Edward Burtynsky’s Mesmerizing Images of Copper Mines – by Jon Mooallen (New York Times – October 22, 2015)

http://www.nytimes.com/

Trying to comprehend the scale of open-pit extraction with aerial photographs.

The scale of an open-pit copper mine feels impossible; it is a Bible-grade phenomenon made by machines. Vehicles called bucket-wheel excavators, nearly five times the size of the largest dinosaurs, rip up the surface and gradually descend, piling 200,000 cubic meters or more of rock behind them every day.

Once the copper is extracted, waste products and unrecoverable metals stream out as tailings, snaking tributaries that turn psychedelic-looking as they oxidize in open air for the first time in millions of years. Each excavator, meanwhile, turns the land it is standing on into a ledge and leaves a succession of these steps, or ‘‘benches,’’ behind it as it goes.

The Chino Mine, for example, in Grant County, N.M., has been excavated persistently for more than a century and now stretches almost two miles across and 1,350 feet down. It’s a chasm, a void, a deep and disordered amphitheater built around an abyss. It gets four out of five stars on TripAdvisor.

‘‘Wow is that place HUGE If you get time go visit this mine it is just huge,’’ writes one reviewer who visited the overlook point on the side of Highway 152. ‘‘What a huge pit,’’ says another. Another: ‘‘Wow!’’ Another: ‘‘What a hole in the ground’’ And: ‘‘Dange [sic] it’s deep. What a [email protected]!!!! Huge hole in the ground.’’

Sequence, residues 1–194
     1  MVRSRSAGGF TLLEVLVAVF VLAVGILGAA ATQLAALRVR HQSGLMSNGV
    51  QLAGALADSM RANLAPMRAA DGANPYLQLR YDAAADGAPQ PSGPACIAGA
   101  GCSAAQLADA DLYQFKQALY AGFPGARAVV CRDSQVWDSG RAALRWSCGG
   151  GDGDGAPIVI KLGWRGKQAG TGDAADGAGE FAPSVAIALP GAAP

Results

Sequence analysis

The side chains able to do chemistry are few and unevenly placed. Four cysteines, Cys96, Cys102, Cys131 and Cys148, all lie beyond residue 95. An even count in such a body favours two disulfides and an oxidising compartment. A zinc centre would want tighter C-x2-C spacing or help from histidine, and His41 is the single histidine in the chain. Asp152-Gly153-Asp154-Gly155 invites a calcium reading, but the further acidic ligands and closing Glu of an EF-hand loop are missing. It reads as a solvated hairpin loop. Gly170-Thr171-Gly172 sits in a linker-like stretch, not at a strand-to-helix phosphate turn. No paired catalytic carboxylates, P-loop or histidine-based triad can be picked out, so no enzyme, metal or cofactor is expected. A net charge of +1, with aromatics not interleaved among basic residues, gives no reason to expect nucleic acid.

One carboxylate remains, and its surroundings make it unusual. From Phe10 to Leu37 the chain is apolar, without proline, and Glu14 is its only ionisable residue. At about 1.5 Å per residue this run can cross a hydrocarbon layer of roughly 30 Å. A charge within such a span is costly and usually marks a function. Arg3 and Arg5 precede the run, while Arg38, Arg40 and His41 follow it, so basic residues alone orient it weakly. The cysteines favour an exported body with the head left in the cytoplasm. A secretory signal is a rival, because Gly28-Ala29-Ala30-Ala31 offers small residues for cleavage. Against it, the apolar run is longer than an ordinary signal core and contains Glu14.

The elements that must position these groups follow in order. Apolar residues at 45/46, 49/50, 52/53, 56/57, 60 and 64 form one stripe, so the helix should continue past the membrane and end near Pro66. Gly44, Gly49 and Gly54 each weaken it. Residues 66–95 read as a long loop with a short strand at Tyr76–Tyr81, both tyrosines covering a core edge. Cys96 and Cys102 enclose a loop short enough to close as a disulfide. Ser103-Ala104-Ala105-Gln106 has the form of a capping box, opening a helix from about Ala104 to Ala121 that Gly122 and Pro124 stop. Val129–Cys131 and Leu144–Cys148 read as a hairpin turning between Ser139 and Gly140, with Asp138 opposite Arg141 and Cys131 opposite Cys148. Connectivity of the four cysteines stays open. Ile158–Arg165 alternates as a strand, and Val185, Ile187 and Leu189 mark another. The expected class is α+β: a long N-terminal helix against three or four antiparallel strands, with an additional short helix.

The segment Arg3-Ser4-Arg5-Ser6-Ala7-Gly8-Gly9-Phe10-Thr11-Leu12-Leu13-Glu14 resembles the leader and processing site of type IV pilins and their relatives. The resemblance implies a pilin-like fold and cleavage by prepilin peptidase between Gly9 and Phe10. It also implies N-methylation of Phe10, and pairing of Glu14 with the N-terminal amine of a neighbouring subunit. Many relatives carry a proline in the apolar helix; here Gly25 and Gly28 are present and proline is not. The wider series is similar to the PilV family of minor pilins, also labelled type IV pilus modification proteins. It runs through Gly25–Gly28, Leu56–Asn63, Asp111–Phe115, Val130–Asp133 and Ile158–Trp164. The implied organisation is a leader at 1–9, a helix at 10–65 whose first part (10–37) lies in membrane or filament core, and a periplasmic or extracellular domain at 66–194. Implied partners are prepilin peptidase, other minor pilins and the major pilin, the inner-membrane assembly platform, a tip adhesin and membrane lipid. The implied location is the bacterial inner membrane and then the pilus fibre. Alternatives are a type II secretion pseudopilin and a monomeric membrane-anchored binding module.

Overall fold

Stupefied giddiness, disbelief: these seem to be universal responses to open-pit mines. When the photographer Edward Burtynsky started taking pictures of mining complexes in 1981, it was, in part, out of this same simple wonderment.

‘‘I look for the biggest mines in the world,’’ Burtynsky says, and these photographs, shot in Arizona and New Mexico in 2012 and published here for the first time, include both the Chino and the continent’s largest copper mine, the Morenci Mine, which is projected to produce 900 million pounds of copper every year for the next five years.

For the rest of this article and photos, click here: http://www.nytimes.com/interactive/2015/10/25/magazine/25mag-copper.html?_r=0

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